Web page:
Soviet sport today
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Soviet sport today facts and figures by Tarasov, Nikolaĭ.

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Published by Novosti Press Agency Pub. House in Moscow .
Written in English

Subjects:

Places:

  • Soviet Union.

Subjects:

  • Sports -- Soviet Union.,
  • Athletes -- Soviet Union.

Book details:

Edition Notes

Statement[by Nikolai Tarasov.
Classifications
LC ClassificationsGV623 .T3
The Physical Object
Pagination54 p.
Number of Pages54
ID Numbers
Open LibraryOL4772764M
LC Control Number78228844

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This book focusses on the individuals who excelled at sport in Soviet society, looking at how they made such achievements and the impact such successes had. Author James Riordan explores the societal dynamics of Soviet sport, comparing and contrasting what went on in the USSR with other by: The role and development of sport in Soviet society received little contemporary attention, in the West or in Russia. Although it was widely banned after the Russian Revolution, and viewed as a tool developed by the bourgeoisie for the training of body and mind during the rise of capitalism, the USSR was among the world's sporting powers.4/5. This book examines the evolution of sport in Russia from its early association with health and hygiene, through a period of functional association with labour and defence, to its post-war.   The Soviets excelled in more strenuous sports, such as weightlifting, boxing, wrestling, mountaineering, and cycling. The book also notes that Soviets are also interested in water sports, Book Edition: 2.

Try the new Google Books. Check out the new look and enjoy easier access to your favorite features Soviet Sports Review, Volumes Practice of Physical problem psychological qualities sacrospinalis school children scientific shot put shoulder showed significant SOVIET PHYSICAL EDUCATION specialized speed speed-strength sports. The Secrets of Soviet Sports Fitness and Training, published in , tells the story of Soviet sports success in the Olympic Games and World championships. It describes the key factors of the Soviet system of training athletes -- a system that is still unsurpassed by any country in the world -- not even after the country was by: 3. Vasily Ivanovich Alekseyev (Russian: Василий Иванович Алексеев; 7 January – 25 November ) was a Soviet weightlifter. He set 80 world records and 81 Soviet records in weightlifting and won gold medals at the and Summer Olympics. At the age of 18, Alekseyev began practicing weightlifting at Trud Nationality: Russian. A welcome addition to the recent scholarship on the late Soviet period, Jenifer Parks’ book provides a thoroughly-researched account of the Soviet Sports Bureaucracy and the Olympic Games Archival research in Moscow, the United States, and Switzerland underpins this rich assessment of Soviet Format: Hardcover.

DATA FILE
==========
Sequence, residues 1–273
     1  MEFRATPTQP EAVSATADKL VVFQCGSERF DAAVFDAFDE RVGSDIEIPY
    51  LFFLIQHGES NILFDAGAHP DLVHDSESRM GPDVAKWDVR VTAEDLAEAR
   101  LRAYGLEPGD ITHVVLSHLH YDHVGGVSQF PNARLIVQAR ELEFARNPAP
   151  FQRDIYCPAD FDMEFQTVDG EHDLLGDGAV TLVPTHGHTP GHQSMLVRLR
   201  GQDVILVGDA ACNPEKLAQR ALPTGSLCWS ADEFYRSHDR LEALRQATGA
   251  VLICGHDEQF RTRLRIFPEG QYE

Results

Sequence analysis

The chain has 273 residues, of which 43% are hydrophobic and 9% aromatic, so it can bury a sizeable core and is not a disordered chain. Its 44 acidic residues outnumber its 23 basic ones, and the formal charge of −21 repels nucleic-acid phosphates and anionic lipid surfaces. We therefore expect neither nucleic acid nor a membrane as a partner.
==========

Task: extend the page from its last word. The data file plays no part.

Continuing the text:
Circulation. In the Soviet Union published more than 8, daily newspapers in approximately sixty languages, with a combined circulation of about million. Every all-union newspaper was circulated in its Russian language version. Nearly 3, newspapers, however, reached the population in non-Russian languages, constituting roughly 25 percent of the total circulation, although non. Keys: Soviet Sport and Transnational Mass Culture in the s a result, in the early s the Soviet regime dropped its opposition to 'bour- geois' sport and moved toward integration into the international sport system it had previously denounced.6 In explaining the Soviet Union's shift from rejection to acceptance of this. In the Winter Olympics, the Soviet bloc athletes won 56 medals, while the United States won six. Written by the former sports psychologist for the Soviet Olympic team, this book reveals Russian and East German techniques for peak performance training. His major book publications treat the politics of the Whites in the Russian Civil War (), Cold War diplomacy after the death of Stalin (), and the political biography of a controversial Soviet author (). His edited volume Euphoria and Exhaustion () explores the history of modern sport in Soviet .